There can be no doubt that the statute did set up classifications among persons in the state. It allowed municipalities with municipal courts to impose greater penalties for municipal ordinance violations than those municipalities which did not have municipal courts because they could not meet the population requirement imposed by SDCL 16-11-2, 16-11-2.1 and SDCL 16-9-31, or did not find it necessary to have a municipal court. More importantly, it affected those accused of violating municipal ordinances. A person accused of violating a municipal ordinance in Sioux Falls, Rapid City or Aberdeen faced a maximum penalty of six months in jail and/or a five hundred dollar fine, while a person accused of violating the same ordinance in Mitchell, Clark or Garretson was subject to a maximum penalty of only thirty days in jail and/or a one hundred dollar fine. This inequality does not exist because the City Commission of Clark, in its legislative wisdom, deemed the violation less heinous and deserving of a lesser sentence than did the City Commission of Aberdeen, but rather because the City Commission of Clark was foreclosed by state law from assessing a penalty in excess of thirty days in jail and/or a one hundred dollar fine.

Thus, this is not "legislative recognition of the differing desires and needs of the people" which formed a rational basis for inequality in State v. Beene, 1972, 263 La. 865, 269 So.2d 794. Nor does it respond to a need for legislation in certain localities of the state as does the statute requiring livestock ownership inspection in specific counties where branding is prevalent. State v. Smith, S.D., 216 N.W.2d 149. Rather, it is an arbitrary classification resulting in unequal punishment for like offenses where one city qualifies populationwise for a municipal court under SDCL 16-11-2, 16-11-2.1 and SDCL 16-9-31 and another in the same locality does not.

The inequality created by SDCL 9-19-4 was completely arbitrary and capricious. As was stated by this court in State v. King, 1967, 82 S.D. 514, 149 N.W.2d 509:

"Equal protection of the law requires that the rights of every person must be governed by the same rule of law under similar circumstances and, in the administration of criminal justice, the imposition of different punishments or different degrees of punishment upon one than is imposed upon all for like offenses is a denial of such right." 82 S.D. at 516, 149 N.W.2d at 510.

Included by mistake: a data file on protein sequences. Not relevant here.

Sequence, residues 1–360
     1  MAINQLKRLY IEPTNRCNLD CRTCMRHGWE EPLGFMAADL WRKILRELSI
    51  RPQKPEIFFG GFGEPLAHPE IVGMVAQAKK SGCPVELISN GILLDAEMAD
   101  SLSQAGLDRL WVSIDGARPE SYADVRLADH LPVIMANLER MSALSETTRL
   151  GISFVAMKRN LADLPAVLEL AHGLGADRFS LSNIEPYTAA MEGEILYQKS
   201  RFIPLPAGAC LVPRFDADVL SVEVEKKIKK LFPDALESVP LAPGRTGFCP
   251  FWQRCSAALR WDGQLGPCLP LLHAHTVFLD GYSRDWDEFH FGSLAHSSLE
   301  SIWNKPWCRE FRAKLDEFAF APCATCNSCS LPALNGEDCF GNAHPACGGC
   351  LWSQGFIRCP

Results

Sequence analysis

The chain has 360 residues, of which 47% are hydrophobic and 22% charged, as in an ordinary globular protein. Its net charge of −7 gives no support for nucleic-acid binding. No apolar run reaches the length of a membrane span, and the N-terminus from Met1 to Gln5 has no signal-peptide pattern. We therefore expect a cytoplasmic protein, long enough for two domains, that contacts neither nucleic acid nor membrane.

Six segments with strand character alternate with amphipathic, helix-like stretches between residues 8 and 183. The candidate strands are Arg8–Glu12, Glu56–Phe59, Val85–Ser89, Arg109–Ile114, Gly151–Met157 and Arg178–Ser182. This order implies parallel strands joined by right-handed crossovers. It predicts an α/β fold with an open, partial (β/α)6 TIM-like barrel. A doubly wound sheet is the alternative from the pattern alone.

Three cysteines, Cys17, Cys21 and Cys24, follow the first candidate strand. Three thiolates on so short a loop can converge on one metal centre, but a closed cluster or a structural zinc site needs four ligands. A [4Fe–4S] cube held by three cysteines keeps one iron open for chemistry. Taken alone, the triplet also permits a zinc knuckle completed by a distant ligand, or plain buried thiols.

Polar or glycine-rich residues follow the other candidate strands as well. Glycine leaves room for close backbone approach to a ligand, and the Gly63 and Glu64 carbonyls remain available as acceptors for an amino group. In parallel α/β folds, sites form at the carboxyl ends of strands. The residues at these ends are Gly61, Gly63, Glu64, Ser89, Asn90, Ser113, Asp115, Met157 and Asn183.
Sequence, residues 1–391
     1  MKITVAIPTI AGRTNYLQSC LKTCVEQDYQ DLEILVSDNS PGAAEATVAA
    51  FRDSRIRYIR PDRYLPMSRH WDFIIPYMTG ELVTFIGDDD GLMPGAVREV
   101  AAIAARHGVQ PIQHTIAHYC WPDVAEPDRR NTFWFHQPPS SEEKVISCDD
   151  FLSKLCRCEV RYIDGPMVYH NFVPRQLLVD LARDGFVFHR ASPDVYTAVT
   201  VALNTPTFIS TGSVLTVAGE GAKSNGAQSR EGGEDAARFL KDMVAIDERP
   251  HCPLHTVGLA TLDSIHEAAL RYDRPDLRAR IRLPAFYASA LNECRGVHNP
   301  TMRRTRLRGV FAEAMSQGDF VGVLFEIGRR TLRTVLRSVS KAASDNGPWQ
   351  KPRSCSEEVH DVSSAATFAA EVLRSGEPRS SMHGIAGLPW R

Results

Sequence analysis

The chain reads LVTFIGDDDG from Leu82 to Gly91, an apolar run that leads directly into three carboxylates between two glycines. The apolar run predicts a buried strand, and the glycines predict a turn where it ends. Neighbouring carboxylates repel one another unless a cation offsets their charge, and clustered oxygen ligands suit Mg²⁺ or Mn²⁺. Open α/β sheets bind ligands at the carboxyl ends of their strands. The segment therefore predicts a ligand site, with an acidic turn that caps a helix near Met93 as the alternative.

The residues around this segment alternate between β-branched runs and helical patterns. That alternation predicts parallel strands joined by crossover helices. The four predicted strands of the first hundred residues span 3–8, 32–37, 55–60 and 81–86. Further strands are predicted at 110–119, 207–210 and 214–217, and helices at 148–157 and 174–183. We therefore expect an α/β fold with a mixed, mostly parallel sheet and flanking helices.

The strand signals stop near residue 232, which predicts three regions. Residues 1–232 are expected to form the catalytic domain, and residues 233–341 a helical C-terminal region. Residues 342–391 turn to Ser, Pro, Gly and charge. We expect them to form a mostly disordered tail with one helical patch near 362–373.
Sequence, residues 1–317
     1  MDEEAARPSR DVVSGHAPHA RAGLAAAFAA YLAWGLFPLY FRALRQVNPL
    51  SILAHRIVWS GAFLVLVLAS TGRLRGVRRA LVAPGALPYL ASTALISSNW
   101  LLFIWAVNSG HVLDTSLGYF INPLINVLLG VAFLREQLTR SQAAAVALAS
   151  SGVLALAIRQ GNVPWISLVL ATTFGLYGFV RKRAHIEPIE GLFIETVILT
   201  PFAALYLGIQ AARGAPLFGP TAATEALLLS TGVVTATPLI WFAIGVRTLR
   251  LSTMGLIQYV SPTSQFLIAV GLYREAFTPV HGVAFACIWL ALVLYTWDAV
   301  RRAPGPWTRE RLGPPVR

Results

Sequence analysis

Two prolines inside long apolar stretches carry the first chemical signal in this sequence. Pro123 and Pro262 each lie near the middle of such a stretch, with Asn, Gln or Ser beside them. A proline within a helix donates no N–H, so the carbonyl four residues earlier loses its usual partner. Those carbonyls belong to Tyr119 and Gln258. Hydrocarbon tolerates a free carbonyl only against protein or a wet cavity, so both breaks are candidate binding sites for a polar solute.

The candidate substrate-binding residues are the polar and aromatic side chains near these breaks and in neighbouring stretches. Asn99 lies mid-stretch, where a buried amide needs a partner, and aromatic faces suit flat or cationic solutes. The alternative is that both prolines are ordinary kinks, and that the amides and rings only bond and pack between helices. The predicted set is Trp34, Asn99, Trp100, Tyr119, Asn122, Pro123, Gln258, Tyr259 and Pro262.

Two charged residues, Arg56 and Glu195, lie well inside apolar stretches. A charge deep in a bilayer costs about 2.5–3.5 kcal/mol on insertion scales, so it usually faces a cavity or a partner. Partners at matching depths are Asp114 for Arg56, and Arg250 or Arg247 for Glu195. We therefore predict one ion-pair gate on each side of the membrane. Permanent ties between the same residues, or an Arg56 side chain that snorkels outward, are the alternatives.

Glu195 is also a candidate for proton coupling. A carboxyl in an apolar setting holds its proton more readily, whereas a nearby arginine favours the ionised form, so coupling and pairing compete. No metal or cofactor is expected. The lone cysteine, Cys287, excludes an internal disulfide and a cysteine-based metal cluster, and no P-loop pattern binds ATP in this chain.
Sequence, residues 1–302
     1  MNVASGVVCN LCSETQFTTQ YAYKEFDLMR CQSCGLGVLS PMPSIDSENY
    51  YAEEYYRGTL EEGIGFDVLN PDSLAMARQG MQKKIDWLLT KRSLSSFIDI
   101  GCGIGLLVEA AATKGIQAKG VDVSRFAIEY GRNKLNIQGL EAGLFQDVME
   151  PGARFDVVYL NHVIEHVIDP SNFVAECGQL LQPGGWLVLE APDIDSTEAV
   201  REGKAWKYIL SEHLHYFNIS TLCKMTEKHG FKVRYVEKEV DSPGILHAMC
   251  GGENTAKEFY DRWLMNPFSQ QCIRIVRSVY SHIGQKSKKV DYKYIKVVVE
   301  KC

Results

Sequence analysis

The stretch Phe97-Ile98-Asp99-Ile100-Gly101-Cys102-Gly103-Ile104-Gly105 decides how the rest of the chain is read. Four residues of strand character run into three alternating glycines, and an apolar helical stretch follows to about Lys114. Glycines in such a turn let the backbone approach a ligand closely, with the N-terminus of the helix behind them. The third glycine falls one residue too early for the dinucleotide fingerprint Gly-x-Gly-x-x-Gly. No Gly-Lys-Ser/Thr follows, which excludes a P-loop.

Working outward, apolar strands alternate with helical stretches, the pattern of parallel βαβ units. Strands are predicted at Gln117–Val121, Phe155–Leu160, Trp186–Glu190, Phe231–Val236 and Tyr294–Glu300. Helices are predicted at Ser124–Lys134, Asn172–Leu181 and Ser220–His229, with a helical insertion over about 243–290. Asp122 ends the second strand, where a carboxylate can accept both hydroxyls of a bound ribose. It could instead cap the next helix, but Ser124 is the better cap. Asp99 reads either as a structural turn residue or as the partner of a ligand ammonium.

The extent of punishment for the violation of a municipal ordinance should be based upon the culpability of the individual defendant rather than upon whether the municipality had a municipal court or tried its cases in the district county court.

This statute also fails the second part of the test. We can find no rational relationship between the distinctions created by SDCL 9-19-4 and a legitimate legislative purpose nor has any rational relationship been suggested. "Equal protection does not require that all persons be dealt with identically, but it does require that a distinction made have some relevance to the purpose for which the classification is made." Baxstrom v. Herold, 1966, 383 U.S. 107, 86 S.Ct. 760, 15 L.Ed.2d 620.

With the advent of the district county court, which was available for the trial of municipal ordinance violations in so-called "second-class" cities, the last semblance of rational relationship to a legislative purpose disappeared. Prior to that time such cases were tried in justice of the peace or police magistrate courts with jurisdiction limited to the trial of cases where the penalty did not exceed thirty days in jail and/or a one hundred dollar fine.

Since SDCL 9-19-4 did set up arbitrary classifications which bore no rational relationship to a legitimate legislative purpose, we find it unconstitutional on its face under Article VI, § 18 of the South Dakota Constitution and the Fourteenth Amendment of the United States Constitution.

In finding SDCL 9-19-4 unconstitutional, we overrule the case of Ex parte Webster, 1924, 47 S.D. 142, 196 N.W. 549, which upheld the constitutionality of the statute under Article VI, § 18 of our own Constitution. We feel that that holding can no longer be sustained or given weight as precedent.

In so holding, we reverse the conviction of the defendant. He was tried in municipal court in Aberdeen, and the maximum punishment for violation of Ordinance No. 1164, Section 701.3, was governed by SDCL 9-19-4. The fact that defendant was ultimately given a thirty-day suspended jail sentence is immaterial. The crucial point is that under the statute he was placed in jeopardy of a fine of five hundred dollars and/or six months in jail. This is where the real inequity lies. Persons convicted in municipal court were in jeopardy of greater punishment than those convicted in district county court. This inequality simply does not square with the concept of equal protection under the law.